CAMP SCHWAB, OKINAWA, Japan --
Three platoons of Marines with 2nd Battalion, 9th Marine Regiment, executed a ship-to-shore assault Nov. 1-2 during exercise Blue Chromite 15 at Oura Wan Beach.
Blue Chromite demonstrates the Navy and Marine Corps’ amphibious and expeditionary capabilities from the sea to shore. Rehearsing integration of arms in a tactical scenario prepares Marines and sailors for future deployments.
This iteration of Blue Chromite integrated amphibious operations with the USS Germantown (LSD 42) and units internal to III Marine Expeditionary Force in one consolidated exercise, according to Maj. Ryan Donahue, the lead planner for Blue Chromite with 4th Marine Regiment, 3rd Marine Division, III MEF.
Marines left the USS Germantown in assault amphibious vehicles to assault the first objective at Oura Wan Beach. The simulated enemy resistance was provided by 1st Battalion, 3rd Marine Regiment, currently assigned to 4th Marines, 3rd Marine Division.
“The Germantown was built for Marines,” said Master Chief Petty Officer Samuel Olmstead, the command master chief of the USS Germantown and is from Bisbee, Arizona. “The whole point is to embark United States Marines and take them where the nation needs them to go.”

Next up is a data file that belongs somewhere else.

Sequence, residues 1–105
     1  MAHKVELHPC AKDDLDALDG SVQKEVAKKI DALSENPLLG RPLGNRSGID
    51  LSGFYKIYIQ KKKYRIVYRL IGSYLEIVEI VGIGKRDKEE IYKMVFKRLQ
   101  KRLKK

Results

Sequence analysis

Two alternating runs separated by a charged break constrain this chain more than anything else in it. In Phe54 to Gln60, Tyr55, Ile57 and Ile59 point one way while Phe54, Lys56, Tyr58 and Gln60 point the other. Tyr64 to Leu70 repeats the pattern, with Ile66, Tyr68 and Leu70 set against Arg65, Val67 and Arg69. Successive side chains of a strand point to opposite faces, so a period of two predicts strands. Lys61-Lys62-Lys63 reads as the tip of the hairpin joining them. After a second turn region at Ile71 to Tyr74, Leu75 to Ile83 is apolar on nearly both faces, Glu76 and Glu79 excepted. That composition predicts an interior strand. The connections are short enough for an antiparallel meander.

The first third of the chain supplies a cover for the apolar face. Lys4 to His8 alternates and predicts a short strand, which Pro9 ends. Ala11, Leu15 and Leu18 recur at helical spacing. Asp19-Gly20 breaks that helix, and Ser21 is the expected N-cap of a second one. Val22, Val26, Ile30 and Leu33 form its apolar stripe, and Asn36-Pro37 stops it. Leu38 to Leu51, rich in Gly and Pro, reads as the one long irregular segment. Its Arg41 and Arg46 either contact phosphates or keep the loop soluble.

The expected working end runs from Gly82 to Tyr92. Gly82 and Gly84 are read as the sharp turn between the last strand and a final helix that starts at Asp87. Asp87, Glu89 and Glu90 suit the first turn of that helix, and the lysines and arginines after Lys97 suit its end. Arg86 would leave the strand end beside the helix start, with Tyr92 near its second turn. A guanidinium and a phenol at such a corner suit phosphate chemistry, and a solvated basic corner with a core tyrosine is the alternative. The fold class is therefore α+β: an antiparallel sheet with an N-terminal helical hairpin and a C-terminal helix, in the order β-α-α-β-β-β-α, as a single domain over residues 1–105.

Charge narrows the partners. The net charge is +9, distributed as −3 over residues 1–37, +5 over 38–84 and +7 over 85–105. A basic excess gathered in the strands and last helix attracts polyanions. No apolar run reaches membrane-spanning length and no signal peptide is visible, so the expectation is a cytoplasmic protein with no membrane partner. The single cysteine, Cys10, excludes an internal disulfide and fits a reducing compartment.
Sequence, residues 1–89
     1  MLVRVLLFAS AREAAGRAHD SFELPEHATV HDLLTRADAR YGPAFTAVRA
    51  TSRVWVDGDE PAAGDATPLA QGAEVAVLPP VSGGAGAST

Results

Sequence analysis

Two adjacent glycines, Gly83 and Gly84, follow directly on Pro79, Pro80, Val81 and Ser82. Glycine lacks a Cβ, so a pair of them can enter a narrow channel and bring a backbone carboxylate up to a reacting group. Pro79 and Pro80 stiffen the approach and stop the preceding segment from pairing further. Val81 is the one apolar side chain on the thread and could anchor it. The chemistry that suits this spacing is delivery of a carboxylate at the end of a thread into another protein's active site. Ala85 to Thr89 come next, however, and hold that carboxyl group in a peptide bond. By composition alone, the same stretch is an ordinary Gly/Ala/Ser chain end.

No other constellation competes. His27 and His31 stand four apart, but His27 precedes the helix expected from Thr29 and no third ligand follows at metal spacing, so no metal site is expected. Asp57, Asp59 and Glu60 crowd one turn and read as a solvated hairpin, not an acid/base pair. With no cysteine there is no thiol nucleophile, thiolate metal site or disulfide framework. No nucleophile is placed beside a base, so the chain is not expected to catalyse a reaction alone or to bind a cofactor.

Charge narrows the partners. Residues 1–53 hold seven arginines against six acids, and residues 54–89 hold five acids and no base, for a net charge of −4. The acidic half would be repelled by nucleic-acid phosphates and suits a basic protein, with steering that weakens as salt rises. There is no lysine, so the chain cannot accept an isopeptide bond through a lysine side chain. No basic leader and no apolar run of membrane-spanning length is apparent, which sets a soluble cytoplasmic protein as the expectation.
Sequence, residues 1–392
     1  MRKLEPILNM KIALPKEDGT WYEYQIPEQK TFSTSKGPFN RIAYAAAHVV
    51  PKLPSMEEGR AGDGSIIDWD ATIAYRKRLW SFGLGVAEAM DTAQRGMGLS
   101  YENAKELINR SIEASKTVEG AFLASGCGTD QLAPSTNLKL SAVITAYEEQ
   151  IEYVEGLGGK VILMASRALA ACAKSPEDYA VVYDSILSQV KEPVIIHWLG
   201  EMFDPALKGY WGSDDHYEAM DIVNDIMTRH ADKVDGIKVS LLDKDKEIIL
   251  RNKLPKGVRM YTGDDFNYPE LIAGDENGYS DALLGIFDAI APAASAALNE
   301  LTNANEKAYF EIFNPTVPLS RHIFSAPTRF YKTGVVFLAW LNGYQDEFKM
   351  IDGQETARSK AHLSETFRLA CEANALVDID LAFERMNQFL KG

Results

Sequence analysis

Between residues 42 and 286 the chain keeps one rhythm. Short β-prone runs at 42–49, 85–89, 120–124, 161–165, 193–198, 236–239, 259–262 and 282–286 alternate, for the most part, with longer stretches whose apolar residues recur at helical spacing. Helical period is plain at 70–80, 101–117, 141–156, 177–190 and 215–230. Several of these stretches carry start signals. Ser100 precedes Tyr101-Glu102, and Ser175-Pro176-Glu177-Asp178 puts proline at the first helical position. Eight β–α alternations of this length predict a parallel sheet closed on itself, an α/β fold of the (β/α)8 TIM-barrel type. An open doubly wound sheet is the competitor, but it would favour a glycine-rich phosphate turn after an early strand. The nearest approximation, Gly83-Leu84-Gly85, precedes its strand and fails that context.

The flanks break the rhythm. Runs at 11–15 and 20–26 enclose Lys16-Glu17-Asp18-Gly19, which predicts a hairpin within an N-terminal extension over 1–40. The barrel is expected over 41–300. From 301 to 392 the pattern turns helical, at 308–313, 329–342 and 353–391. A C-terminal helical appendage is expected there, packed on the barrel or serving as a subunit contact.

Three platoons advanced from the shore to seek out the simulated enemy and secure the beach.
“Two platoons held blocking positions to the north and to the south, and that allowed the third platoon to move in and attack the objective on the hill,” said Cpl. Seth Cooper, a squad leader with 2nd Battalion, 9th Marines.
After securing the beach on the first day, the Marines rode in AAVs to the Central Training Area near Camp Schwab. Marines destroyed a notional enemy position in a live-fire exercise at Range 10 in the CTA. Completing their mission set conditions for units in other parts of the exercise.
“Ultimately we are advancing to allow our other company to destroy the (simulated) chemical weapons factory that’s located to the south of Combat Town,” said Capt. Andrew Eckert, a company commander with 2nd Bn., from New Glarus, Wisconsin. “All of this … is so that 3rd MarDiv can continue their attack north on the island.”
The amphibious assault during Blue Chromite provided Marines, like Cooper, with a new experience they can learn from and pass on.
“The exercise got Marines used to working with outside agencies instead of just the Marine Corps and also it’s a different type of attack,” said Cooper from Mansfield, Ohio. “When the Marines move onto their next unit, they can be the person who knows about something like this because they have the experience.”